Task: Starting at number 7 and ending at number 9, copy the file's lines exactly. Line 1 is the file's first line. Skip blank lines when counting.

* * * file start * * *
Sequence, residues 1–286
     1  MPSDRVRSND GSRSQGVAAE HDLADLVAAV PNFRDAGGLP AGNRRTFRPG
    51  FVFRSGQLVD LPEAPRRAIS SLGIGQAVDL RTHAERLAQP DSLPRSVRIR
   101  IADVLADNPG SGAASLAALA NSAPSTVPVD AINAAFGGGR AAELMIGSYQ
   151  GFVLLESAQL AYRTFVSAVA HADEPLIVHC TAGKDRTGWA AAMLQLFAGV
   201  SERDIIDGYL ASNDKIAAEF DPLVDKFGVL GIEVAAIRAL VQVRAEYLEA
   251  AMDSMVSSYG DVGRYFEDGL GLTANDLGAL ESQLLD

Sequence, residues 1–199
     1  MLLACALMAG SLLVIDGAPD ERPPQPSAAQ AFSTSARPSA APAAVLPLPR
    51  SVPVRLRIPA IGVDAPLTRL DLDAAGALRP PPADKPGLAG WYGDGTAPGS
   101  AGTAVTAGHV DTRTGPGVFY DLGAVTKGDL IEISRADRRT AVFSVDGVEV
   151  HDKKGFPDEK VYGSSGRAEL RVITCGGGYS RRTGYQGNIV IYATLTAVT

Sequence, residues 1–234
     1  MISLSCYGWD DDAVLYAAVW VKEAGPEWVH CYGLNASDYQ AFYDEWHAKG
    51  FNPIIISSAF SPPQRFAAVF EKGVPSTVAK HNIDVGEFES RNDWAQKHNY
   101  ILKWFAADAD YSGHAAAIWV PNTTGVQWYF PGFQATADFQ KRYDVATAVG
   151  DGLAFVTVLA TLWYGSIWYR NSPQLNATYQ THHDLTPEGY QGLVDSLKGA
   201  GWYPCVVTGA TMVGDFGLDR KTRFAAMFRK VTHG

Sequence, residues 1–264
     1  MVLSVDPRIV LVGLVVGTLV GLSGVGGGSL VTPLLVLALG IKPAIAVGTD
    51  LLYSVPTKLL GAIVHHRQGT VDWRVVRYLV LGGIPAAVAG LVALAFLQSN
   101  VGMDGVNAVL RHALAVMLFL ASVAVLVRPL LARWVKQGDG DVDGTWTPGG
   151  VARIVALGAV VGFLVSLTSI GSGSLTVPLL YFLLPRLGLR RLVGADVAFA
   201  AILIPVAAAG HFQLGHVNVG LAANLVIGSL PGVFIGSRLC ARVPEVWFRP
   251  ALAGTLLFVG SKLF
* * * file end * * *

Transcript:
   251  AMDSMVSSYG DVGRYFEDGL GLTANDLGAL ESQLLD

Sequence, residues 1–199
     1  MLLACALMAG SLLVIDGAPD ERPPQPSAAQ AFSTSARPSA APAAVLPLPR